My current favourite phrase for using up leftovers is ‘repurposing food’ (my previous favourite was ‘secondary cookery.’) A large part of the skill involves disguising the original ingredient by creatively naming the new-from-old dish, and I came across a lovely example the other day. It is ‘Inky-Pinky’, and I want to share it with you.
I discovered Inky-Pinky in an article in an English newspaper - The Leeds Mercury - of October 1879. The article was in the Household Department of the paper, and the subject was ‘gathering up the fragments’ – fragments of cold meat, that is. Just before a recipe called ‘Encore Roast Beef’ was this gem:
Inky-Pinky is simply cold roast beef or mutton hashed. Do it as follows:- Slice down some boiled carrots, likewise the cold meat, adding a small onion or two, and pepper and salt to taste. Simmer all these in a gravy made from the bones and trimmings of the beef, thicken with a little flour, and serve with a border of nicely mashed potatoes. The carrots should be put on in advance of the beef, which only requires to be thoroughly heated. Season with catchup if liked.
An almost identical recipe appears in another 1870’s source - Cassell’s Dictionary of Cookery. The name of this dish greatly intrigues me. If the phrase has been around since at least the 1870’s, what does the Oxford English Dictionary have to say about it?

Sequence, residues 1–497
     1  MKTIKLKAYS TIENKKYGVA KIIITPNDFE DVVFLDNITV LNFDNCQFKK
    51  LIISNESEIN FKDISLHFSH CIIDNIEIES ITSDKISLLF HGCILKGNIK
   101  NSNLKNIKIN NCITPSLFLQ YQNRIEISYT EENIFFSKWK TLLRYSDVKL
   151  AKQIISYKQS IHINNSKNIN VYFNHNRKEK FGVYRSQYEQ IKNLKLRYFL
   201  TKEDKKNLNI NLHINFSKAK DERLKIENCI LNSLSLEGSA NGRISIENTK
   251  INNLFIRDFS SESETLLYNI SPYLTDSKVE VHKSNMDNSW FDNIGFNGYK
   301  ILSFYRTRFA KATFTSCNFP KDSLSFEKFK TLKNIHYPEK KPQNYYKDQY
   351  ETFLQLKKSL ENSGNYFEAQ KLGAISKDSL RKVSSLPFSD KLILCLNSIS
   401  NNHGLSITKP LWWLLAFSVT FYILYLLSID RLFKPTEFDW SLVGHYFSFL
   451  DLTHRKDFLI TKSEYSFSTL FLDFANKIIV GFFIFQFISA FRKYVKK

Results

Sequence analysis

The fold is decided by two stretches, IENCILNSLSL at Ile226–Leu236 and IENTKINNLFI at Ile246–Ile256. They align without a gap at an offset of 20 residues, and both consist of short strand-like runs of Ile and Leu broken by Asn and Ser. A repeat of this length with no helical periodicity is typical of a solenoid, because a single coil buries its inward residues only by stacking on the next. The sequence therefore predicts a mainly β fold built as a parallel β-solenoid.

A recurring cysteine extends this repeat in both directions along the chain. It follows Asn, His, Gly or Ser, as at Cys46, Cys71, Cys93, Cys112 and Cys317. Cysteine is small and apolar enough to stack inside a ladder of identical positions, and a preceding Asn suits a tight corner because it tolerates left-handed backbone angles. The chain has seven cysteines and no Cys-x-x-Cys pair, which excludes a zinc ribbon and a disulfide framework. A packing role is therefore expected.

The OED gives inky-pinky (or inkie-pinkie or hinkie-pinkie) a Scottish origin and defines it as ‘small beer’. No mention of leftover roast beef or mutton. That it is indisputably Scottish is supported by Mr. Google – although he usually turns up the meat version.
I went therefore to the Dictionary of the Scots Language, and again, it gives several quotations to support the definition of small beer – then, suddenly, in 1827, in that marvelous Scottish cookery resource, the Cook and Housewife’s Manual by Mistress Dods (aka Christian Isobel Johnstone), there is a recipe for repurposing leftover roast beef with carrots and gravy! OED editors please take note.
Perhaps the beer version got its name on account of its colour or taste? I would love some ideas or wild guesses as to how this name got transferred to a dish of leftover roast beef – so please, go right ahead and comment!
Quotation for the Day.
As to those things called hashes, commonly manufactured by unwatched, untaught cooks, out of the remains of yesterday's repast, let us not dwell too closely on their memory, - compounds of meat, gristle, skin, fat, and burnt fibre, with a handful of pepper and salt flung at them, dredged with lumpy flour, watered from the spout of the tea-kettle, and left to simmer at the cook's convenience while she is otherwise occupied.
Christopher Crowfield (Harriet Beecher Stowe) ‘House and Home Papers’ (1865)